Southwest provides marketing lagniappe for a passenger in need


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#691 in the Project was submitted via e-mail from Marylynne Colacchio. Marylynne forwarded a post by Fran Golden from AOL Travel.

Here is a summary from Fran’s article:

southwest airlines“An Arizona family is praising a Southwest Airlines pilot who held a Tucson-bound plane to wait for a passenger trying to get to a hospital to say his goodbyes to his 2½ -year-old grandson, who was about to be taken off life support.

caden rodgersThe child, Caden Rodgers of Aurora, Colorado, was in a Denver hospital, the victim of child abuse at the hands of his mother’s boyfriend, Theodore Madrid, 30, who has since been charged with first-degree murder.

The Southwest pilot’s efforts to help Caden’s grandfather, Mark Dickinson to get to the child’s bedside on Jan. 5 first came to light when his wife, Nancy Dickinson, wrote of the incident to travel blogger Christopher Elliot.

“He got to say his goodbyes thanks to Southwest. I am so grateful for the airline for doing what they did.”

She says her stepdaughter, Ashley Rodgers, 26, needed her dad. And if Dickinson had missed the plane it would have been a tragedy on top of a tragedy.

“It was heartbreaking,” Dickinson says.

Mark, an engineer with Northrop Grumman, had been on a business trip in Los Angeles when he got word his grandson was to be removed from life support that night. He already had a flight booked back to Tuscon and booked a connecting flight to Denver.

He arrived at LAX two hours early, but had to check in his suitcase, which took an hour, and then encountered a security line that was “out the door and down the sidewalk,” Nancy says.

Mark, on the verge of tears, ended up just grabbing his computer, belt and shoes as they came through security screening and running shoeless to the plane, knowing the minutes were ticking by.

At the gate, the pilot of the Southwest plane and ticketing agent were both waiting for him.

“Are you Mark? We held the plane for you and we’re so sorry about the loss of your grandson,” they said.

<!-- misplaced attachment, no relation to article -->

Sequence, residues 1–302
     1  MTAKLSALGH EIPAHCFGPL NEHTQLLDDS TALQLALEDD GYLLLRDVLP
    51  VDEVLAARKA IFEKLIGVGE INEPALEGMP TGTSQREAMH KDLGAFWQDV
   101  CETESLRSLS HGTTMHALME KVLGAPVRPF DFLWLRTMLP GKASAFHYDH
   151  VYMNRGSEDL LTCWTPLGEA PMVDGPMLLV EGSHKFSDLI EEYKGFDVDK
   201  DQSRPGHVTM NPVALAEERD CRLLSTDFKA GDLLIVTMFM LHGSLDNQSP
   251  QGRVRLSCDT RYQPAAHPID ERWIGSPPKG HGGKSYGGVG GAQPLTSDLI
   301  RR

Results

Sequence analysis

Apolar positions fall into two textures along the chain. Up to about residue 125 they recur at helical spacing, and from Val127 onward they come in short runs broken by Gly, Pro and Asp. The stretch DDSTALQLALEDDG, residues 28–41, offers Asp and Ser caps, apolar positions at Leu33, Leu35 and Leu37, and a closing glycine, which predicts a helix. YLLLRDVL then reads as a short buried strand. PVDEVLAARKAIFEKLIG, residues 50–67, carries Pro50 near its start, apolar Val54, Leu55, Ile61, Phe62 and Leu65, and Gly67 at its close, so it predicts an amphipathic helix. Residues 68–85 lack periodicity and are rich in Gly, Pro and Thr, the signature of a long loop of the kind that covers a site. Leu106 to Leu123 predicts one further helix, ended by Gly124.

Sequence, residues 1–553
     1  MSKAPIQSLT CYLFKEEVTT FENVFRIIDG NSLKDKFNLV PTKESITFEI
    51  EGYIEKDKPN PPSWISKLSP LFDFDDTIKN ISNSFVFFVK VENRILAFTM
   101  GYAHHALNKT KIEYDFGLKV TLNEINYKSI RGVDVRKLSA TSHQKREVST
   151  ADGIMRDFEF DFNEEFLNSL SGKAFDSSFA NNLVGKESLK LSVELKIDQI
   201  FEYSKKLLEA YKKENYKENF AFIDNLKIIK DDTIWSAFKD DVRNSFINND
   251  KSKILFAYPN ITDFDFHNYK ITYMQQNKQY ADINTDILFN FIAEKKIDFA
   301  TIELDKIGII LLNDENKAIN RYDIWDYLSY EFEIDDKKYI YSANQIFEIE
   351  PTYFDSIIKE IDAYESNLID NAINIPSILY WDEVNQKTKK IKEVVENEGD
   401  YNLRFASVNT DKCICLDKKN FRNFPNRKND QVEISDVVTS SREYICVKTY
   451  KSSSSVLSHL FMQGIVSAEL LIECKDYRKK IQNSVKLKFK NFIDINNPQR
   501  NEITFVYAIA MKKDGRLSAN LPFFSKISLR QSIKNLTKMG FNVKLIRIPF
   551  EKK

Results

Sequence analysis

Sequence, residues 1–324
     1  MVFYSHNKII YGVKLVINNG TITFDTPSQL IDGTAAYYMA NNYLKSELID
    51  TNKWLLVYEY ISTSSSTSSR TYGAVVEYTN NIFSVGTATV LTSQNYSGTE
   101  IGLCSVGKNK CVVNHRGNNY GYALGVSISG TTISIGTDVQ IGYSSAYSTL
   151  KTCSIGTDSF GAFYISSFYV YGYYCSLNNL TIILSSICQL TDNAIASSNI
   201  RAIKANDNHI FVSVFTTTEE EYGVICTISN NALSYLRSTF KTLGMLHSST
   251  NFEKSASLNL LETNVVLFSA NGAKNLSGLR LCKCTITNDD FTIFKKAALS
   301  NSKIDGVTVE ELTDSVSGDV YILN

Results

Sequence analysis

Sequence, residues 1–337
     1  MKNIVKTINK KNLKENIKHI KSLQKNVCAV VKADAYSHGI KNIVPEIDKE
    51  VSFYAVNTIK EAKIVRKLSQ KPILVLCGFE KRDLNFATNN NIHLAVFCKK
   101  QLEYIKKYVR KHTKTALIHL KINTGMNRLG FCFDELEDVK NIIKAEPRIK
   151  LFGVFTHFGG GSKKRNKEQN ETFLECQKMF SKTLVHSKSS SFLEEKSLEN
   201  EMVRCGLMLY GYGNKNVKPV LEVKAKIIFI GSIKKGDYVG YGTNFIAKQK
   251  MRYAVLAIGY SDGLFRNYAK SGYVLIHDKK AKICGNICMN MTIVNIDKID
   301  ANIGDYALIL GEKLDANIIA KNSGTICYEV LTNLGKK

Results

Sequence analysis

Nancy says she and Mark are not sure when or how Southwest got the word, but she is grateful they did. The plane was originally supposed to take off at 11:50; Mark arrived at 12:02 p.m.

“It was the pilot’s call to make. We are grateful that he felt comfortable in making that call,” Nancy says.

Mark was able to get to Denver to say goodbye to his grandson and be with his daughter.

Caden was buried yesterday. The toddler’s organs have been donated to several people in need of tranplants.

Nancy explained that Mark thanked the captain as they walked down the jetway to board the plane. Here was the exchange:

“I can’t thank you enough for this.”

The pilot responded with, “They can’t go anywhere without me and I wasn’t going anywhere without you. Now relax. We’ll get you there. And again, I’m so sorry.”

Marketing Lagniappe Takeaway – Empower your employees and let them in the words of Spike Lee, ‘Do the Right Thing’.

Today’s Lagniappe (a little something extra) – Here is an ABC News report that chronicles the incident:

Lagniappe defined: A marketing lagniappe, i.e. purple goldfish, is any time a business goes above and beyond to provide a ‘little something extra’. It’s that unexpected surprise that’s thrown in for good measure.

How do you stand out in the sea of sameness? How do you win repeat customers and influence word of mouth?

Where is the GLUE in your marketing?

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Republished with author's permission from original post.

Stan Phelps
Stan Phelps is the Chief Measurement Officer at 9 INCH marketing. 9 INCH helps organizations develop custom solutions around both customer and employee experience. Stan believes the 'longest and hardest nine inches' in marketing is the distance between the brain and the heart of your customer. He is the author of Purple Goldfish, Green Goldfish and Golden Goldfish.


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